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Sunday, May 16, 2010

Female headship in the family: Biblical examples

The first word in the description of this blog, "Sun and Shield," is musings. As I understand and use that word, it means that I put down my thoughts, often tentative or not well informed or thought through, about some subject that interests me. I do this mostly for the most faithful reader of this blog, namely me. What does Martin LaBar think about X, Y, or Z?

Related Matters
In this post, I shall muse about the topic suggested by the title. I have already mused about the related topic of women in ministry (or not) here and here. I don't have all the answers, but I believe that there is scriptural support for the place of God-called women in ministry. My church, The Wesleyan Church, believes that, although there are many more males than females in ministry within that body. It isn't the only one. Here is a defense by a writer from the Church of the Nazarene. An organization named Christians for Biblical Equity has a number of articles on this subject. Recently, the body that directs my denomination between its General Conferences decided that our first female General Superintendent (there are two others, both male) should be the head of the denomination, at least until the next General Conference. My local church has a female assistant pastor, who occasionally preaches, and carries out other ministerial duties. She was ordained by the South Carolina District of The Wesleyan Church a few years ago. See the links suggested in this paragraph for more information on the related topic.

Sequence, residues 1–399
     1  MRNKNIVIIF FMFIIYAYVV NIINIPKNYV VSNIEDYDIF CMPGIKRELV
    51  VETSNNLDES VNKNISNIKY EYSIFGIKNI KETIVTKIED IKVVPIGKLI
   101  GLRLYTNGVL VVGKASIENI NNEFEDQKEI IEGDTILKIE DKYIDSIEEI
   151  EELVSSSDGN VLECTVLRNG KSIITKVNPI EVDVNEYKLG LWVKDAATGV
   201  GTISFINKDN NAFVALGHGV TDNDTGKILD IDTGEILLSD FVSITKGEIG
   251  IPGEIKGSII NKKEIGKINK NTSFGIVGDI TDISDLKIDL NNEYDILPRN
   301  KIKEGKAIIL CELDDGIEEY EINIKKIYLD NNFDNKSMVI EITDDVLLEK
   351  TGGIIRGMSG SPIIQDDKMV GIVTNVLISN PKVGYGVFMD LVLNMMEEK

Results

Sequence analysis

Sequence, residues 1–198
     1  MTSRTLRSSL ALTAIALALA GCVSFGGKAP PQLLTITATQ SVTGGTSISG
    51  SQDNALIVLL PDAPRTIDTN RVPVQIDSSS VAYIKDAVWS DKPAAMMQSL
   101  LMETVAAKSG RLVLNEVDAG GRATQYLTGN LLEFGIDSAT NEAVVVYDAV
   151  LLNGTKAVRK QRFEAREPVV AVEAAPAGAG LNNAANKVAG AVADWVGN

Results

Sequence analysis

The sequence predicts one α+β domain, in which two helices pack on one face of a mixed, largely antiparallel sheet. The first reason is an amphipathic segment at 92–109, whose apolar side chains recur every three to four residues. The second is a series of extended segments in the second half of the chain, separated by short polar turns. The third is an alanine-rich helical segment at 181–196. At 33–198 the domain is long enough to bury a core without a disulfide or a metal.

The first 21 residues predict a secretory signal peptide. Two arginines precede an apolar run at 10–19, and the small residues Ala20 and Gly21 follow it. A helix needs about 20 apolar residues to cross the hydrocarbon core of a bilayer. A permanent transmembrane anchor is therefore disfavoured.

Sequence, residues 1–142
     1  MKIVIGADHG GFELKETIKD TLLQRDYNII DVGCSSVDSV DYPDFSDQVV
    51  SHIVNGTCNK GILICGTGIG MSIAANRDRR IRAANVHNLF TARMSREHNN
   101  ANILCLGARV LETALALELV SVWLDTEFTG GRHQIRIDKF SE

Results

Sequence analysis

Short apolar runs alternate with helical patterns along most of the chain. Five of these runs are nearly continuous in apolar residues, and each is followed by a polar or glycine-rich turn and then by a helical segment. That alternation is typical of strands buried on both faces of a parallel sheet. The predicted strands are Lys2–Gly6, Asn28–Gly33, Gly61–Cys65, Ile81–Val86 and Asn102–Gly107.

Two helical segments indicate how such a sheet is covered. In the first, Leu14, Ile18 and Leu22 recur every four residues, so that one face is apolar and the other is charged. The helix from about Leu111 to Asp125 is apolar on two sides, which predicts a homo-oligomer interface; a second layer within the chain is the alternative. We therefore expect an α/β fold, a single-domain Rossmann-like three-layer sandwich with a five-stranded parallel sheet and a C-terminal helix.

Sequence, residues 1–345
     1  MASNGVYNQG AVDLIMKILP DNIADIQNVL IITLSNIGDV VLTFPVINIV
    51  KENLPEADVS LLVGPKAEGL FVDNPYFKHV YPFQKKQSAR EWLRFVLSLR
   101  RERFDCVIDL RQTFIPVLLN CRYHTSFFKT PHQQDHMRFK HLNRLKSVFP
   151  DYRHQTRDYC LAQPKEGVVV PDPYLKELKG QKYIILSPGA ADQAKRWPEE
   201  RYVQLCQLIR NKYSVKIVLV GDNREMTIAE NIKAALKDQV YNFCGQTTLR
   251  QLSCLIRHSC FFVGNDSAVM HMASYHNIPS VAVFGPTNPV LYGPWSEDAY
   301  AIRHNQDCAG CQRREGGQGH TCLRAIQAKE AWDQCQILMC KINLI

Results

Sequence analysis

I confess to so much ignorance on the topic of this post that I didn't know what the complementarian and egalitarian views were, in spite of the fact that the very titles suggest the meanings. I think that I do now. The complementarian view holds that women and men are to have different, but complementary, roles in the family and elsewhere. The link just before this is to the Wikipedia article on the subject. There is also a Wikipedia article on the egalitarian view. A quick Google search also turned up some pertinent material. Here is an article supporting male headship. The author distinguishes between male headship and male domination, claiming that there is a difference. Here is a defense of the complementarian view, and here is another. Here is a discussion of male headship, which article examines the Biblical use of the term, and finds that, Biblically, "Head is never given the meaning of authority, boss or leader. It describes the servant function of provider of life, growth and development. This function is not one of top-down oversight but of bottom-up support and nurture."